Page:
Table 4 summarizes the belief factor scores for the 4 smoking types. An analysis of variance test of the factor scores indicated a significant difference in all the 4 factor scores between the 4 smoking types: F(3,2955) = 21.38, P < 0.001 for factor 1; F(3,2955) = 19.39, P < 0.001 for factor 2; F(3,2955) = 17.96, P < 0.001 for factor 3; and F(3,2955) = 10.49, P < 0.001 for factor 4. Further post hoc analysis explored the differences.

Nonsmokers held significantly stronger beliefs about the negative health effects of waterpipe than did smokers. Smokers (waterpipe or cigarettes or both) did not differ in their beliefs about the negative health effects.

Those who smoked both waterpipe and cigarettes held the strongest beliefs about the positive personal benefits of smoking. Waterpipe only smokers had significantly stronger beliefs about the positive personal benefits of waterpipe than nonsmokers. Cigarette only smokers did not significantly differ from nonsmokers in their beliefs about the positive personal benefits of smoking waterpipe.

Nonsmokers and cigarette only smokers more strongly believed in the social reasons for smoking waterpipe than waterpipe only smokers and people who smoked both waterpipe and cigarettes. In other words, the nonsmokers and cigarette smokers believed it was social pressures that encouraged people to smoke waterpipes, whereas the waterpipe only smokers and those who smoked both waterpipes and cigarettes did not believe social pressures were a cause of waterpipe use.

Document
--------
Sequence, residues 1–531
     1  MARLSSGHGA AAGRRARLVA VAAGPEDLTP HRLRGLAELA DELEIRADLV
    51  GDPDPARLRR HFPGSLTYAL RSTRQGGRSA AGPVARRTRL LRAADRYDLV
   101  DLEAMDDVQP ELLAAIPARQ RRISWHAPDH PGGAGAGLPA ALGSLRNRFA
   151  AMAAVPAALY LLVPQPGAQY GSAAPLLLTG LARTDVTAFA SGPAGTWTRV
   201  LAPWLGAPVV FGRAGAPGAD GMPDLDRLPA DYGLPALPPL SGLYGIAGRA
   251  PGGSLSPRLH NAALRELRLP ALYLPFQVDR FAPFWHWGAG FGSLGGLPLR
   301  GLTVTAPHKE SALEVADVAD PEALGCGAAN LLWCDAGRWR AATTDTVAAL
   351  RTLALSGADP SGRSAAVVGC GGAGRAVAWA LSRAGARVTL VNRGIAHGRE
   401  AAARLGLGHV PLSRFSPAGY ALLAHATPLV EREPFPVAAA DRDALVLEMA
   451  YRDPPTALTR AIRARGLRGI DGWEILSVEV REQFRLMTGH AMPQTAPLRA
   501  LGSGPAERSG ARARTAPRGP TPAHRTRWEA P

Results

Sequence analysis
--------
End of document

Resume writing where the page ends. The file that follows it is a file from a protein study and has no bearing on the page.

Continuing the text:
For the last factor, people who smoked both waterpipe and cigarettes were the least likely to believe in the negative personal effects of waterpipe. The waterpipe only smokers were also less likely than nonsmokers to believe in the negative personal effects of waterpipe. The differences in the strength of beliefs between waterpipe only smokers and cigarette only smokers, and between cigarette only smokers and nonsmokers were not significant.


Our results show that, unlike cigarette only smoking, waterpipe only smoking was more common among females (79.9%) than males (20.1%). Research in the Syrian Arab Republic suggests that women perceived waterpipe smoking more positively than cigarette smoking because of its traditional characteristics and the fact that it was often smoked in social setting with friends [17]. Clearly there is a need to learn more about the psychosocial aspects of waterpipe use and why it is so popular among woman.

Smoking started at a later age for people who smoked only waterpipes compared with people who smoked only cigarettes. This means there are more opportunities for prevention of initiation of waterpipe smoking. People who smoked both waterpipe and cigarettes had a starting age similar to cigarette smokers. This means that prevention programmes aimed at reducing cigarette smoking should also address waterpipes.